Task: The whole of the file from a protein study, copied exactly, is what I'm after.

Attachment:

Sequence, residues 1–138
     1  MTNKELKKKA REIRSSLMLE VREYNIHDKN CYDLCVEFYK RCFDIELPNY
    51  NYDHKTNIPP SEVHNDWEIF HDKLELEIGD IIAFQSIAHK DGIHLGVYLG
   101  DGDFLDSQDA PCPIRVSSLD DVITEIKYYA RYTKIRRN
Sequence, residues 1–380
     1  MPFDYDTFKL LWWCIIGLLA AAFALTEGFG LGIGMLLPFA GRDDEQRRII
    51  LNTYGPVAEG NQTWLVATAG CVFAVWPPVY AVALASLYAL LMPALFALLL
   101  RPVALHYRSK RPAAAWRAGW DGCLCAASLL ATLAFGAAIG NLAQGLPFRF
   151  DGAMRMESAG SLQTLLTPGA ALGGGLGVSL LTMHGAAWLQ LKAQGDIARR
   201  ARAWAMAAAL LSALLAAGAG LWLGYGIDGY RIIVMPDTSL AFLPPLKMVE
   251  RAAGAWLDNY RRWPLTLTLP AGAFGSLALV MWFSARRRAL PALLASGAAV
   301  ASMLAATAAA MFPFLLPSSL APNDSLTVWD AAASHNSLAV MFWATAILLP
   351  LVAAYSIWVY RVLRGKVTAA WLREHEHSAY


Sequence, residues 1–138
     1  MTNKELKKKA REIRSSLMLE VREYNIHDKN CYDLCVEFYK RCFDIELPNY
    51  NYDHKTNIPP SEVHNDWEIF HDKLELEIGD IIAFQSIAHK DGIHLGVYLG
   101  DGDFLDSQDA PCPIRVSSLD DVITEIKYYA RYTKIRRN
Sequence, residues 1–380
     1  MPFDYDTFKL LWWCIIGLLA AAFALTEGFG LGIGMLLPFA GRDDEQRRII
    51  LNTYGPVAEG NQTWLVATAG CVFAVWPPVY AVALASLYAL LMPALFALLL
   101  RPVALHYRSK RPAAAWRAGW DGCLCAASLL ATLAFGAAIG NLAQGLPFRF
   151  DGAMRMESAG SLQTLLTPGA ALGGGLGVSL LTMHGAAWLQ LKAQGDIARR
   201  ARAWAMAAAL LSALLAAGAG LWLGYGIDGY RIIVMPDTSL AFLPPLKMVE
   251  RAAGAWLDNY RRWPLTLTLP AGAFGSLALV MWFSARRRAL PALLASGAAV
   301  ASMLAATAAA MFPFLLPSSL APNDSLTVWD AAASHNSLAV MFWATAILLP
   351  LVAAYSIWVY RVLRGKVTAA WLREHEHSAY